Some adjectives and adverbs are fine but, again, it's a case of choosing the right word to do the job. Adjectives and adverbs can weaken a sentence and meaning.

For example:

Consider - Kim walked angrily to the bedroom.

Substitute - Kim stomped to the bedroom.

Consider - Dale spoke loudly.

Substitute - Dale shouted.

Description and Action

Because I'm given information in a book I believe that it must be important to the plot or characterisation. The same goes for TV shows and movies. So when I read on and realise that the information has no relevance, I'm disappointed and confused. Why was I given this information?

The best way to insert necessary information - relevant to the plot - is to look like you're not inserting necessary information. In other words, work it into the story as naturally and subtly as possible. Let the readers know these important details in small doses, rather than bucket loads. Sprinkle!

For example:

Tim didn’t need his fifteen year-old sister to look after him. He’d be twelve in two months. Old enough to look after himself.

I've added to characterisation. My readers know the age of the characters. It also moves the plot along because Tim's sister doesn't do a good job of looking after him and he has to fend for himself.

Remember that people read for the story. The story is vital. Keep it moving.


Early in my writing career I was given a good piece of advice: establish the setting at the beginning of each chapter. The reason for this is that chapters often mean a transition in time and/or place. To avoid confusion, your readers should know the where and when as soon as possible.

Keep transitions short. Keep the story moving.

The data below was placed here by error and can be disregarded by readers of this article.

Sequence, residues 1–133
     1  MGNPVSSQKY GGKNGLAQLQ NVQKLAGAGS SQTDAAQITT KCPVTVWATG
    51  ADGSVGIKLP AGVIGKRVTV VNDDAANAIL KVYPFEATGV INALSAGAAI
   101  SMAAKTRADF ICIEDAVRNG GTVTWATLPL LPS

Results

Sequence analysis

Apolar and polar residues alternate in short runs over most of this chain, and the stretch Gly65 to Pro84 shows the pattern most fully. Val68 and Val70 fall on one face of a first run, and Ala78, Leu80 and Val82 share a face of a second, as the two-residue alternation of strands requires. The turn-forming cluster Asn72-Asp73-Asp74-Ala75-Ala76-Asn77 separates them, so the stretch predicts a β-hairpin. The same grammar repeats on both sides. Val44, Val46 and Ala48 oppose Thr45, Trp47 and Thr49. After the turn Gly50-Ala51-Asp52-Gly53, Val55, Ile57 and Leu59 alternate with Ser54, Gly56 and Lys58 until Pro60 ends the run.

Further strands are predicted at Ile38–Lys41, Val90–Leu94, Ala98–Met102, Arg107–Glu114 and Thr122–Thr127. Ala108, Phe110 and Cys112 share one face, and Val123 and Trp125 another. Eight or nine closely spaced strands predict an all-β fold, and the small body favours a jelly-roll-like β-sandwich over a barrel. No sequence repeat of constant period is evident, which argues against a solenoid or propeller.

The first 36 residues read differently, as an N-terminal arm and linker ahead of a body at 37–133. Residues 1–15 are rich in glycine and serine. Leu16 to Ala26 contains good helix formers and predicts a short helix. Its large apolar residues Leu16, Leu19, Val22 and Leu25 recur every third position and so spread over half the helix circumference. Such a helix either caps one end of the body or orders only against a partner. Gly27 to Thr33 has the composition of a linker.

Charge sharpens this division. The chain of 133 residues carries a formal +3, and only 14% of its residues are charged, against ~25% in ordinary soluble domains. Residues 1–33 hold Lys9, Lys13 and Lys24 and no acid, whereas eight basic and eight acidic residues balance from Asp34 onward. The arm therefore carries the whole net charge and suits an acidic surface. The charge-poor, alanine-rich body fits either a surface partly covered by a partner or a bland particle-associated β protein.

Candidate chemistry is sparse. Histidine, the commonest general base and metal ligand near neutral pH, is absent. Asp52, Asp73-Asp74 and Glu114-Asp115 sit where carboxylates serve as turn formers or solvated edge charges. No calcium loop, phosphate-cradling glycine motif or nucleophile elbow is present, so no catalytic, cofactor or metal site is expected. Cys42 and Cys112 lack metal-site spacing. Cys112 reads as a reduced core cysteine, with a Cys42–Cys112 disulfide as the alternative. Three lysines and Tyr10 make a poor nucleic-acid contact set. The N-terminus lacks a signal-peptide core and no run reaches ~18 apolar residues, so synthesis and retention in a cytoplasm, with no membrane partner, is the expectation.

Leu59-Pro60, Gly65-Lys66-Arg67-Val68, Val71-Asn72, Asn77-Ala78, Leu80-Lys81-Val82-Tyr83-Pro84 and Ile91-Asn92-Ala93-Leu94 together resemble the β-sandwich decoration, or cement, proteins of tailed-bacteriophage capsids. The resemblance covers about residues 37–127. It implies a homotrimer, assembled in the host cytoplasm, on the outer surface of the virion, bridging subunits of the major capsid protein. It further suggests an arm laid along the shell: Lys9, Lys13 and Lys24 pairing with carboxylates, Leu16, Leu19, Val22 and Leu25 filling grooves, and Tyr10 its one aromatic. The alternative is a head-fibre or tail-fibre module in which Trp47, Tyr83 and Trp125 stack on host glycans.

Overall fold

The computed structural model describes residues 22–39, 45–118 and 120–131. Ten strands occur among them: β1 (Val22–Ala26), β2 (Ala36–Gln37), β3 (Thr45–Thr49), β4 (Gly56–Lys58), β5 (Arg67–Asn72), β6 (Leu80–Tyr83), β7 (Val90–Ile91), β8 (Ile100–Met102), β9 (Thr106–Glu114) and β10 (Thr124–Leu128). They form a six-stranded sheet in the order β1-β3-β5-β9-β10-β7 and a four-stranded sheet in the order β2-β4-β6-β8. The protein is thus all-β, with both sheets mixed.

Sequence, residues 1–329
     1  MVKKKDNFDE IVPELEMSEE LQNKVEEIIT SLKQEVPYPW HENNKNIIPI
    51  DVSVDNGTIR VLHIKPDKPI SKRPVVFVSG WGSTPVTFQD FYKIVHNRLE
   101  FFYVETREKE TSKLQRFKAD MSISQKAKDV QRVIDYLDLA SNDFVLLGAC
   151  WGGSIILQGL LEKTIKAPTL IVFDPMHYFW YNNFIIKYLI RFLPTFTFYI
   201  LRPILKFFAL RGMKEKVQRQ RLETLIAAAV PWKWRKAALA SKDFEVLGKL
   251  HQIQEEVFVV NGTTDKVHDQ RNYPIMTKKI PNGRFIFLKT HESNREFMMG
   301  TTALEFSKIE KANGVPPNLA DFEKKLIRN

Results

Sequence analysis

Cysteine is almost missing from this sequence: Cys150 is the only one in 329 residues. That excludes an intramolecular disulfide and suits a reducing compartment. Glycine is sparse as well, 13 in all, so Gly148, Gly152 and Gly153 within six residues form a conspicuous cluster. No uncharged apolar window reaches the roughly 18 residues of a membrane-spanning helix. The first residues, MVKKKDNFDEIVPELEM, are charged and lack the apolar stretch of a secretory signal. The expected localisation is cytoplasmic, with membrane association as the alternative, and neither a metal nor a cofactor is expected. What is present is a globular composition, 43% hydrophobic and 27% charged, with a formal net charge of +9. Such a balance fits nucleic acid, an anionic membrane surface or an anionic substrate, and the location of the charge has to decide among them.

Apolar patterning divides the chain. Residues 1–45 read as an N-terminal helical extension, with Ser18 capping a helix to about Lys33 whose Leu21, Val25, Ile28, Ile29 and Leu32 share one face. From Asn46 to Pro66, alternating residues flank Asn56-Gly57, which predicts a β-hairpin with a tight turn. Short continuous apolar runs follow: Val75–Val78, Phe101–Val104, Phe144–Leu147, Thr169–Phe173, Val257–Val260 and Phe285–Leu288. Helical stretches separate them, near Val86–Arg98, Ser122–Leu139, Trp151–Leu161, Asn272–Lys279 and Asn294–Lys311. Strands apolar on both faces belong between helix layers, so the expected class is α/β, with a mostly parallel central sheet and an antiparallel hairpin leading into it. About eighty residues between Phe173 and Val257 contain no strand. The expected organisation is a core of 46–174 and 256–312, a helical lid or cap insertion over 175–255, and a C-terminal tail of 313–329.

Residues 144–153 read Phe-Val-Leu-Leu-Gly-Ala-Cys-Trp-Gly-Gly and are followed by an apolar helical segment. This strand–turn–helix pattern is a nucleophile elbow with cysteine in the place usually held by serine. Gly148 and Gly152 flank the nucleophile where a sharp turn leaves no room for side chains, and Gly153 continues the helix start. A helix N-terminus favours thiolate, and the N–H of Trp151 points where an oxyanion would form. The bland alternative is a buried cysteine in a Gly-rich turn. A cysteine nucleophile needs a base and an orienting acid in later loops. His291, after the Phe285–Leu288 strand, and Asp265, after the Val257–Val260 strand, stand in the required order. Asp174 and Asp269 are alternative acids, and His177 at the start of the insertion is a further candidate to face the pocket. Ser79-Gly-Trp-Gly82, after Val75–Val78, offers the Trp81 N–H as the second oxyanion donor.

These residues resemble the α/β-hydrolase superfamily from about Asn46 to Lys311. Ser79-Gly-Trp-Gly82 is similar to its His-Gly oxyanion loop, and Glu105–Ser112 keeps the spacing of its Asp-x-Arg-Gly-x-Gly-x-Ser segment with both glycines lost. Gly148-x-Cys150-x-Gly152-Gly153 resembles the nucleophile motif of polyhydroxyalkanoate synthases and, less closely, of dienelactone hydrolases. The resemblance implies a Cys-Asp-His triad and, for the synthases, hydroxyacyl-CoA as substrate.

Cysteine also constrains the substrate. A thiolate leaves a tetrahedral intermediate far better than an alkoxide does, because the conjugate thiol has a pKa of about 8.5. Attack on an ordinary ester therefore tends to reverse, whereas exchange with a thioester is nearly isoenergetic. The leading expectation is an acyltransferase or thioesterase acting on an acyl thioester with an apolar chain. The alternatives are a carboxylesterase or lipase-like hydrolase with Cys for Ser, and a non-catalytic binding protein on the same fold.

For example:

He looked down at his bandaged body. Walking might be easier, he decided.

(Transition indicated by double-spaced line)

Ten minutes later, Tim was almost in the centre of town.


Jumping from one person's head to another can be confusing for readers, especially younger children. Books for younger children usually stick to one viewpoint.

In books for older children, multiple viewpoints are fine. Chapter breaks are often used to indicate a change in viewpoint.

Your story should always sound as if it's written from the point of view of a child. Never sound like an adult. Children want to read about their peers. And they definitely don't want to be preached to or lectured at.

Chapter Endings

One of the things I do when editing a novel is look at the last page of each chapter. Do the final scenes or sentences inspire the reader to keep reading? Will the reader want to turn the page?

You don't have to end each chapter with a cliff-hanger. But you do need to consider each chapter ending and make sure it teases the reader or rouses their curiosity so that they have to continue reading your book. Leave them wanting to know more.

Something should be happening at the end of each chapter. More questions should be raised. Don't finish a chapter at a quiet spot in the story, where nothing is happening. Keep the reader curious. Make them turn the page.